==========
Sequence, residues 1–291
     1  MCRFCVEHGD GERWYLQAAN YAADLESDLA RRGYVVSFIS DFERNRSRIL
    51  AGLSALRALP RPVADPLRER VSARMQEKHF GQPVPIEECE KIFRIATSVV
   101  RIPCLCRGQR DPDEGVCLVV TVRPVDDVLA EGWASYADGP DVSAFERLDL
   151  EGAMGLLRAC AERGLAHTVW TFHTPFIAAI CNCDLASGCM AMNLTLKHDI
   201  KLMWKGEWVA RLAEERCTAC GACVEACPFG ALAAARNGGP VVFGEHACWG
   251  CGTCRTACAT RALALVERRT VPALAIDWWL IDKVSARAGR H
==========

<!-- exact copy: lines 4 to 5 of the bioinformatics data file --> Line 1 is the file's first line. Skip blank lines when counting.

   101  RIPCLCRGQR DPDEGVCLVV TVRPVDDVLA EGWASYADGP DVSAFERLDL
   151  EGAMGLLRAC AERGLAHTVW TFHTPFIAAI CNCDLASGCM AMNLTLKHDI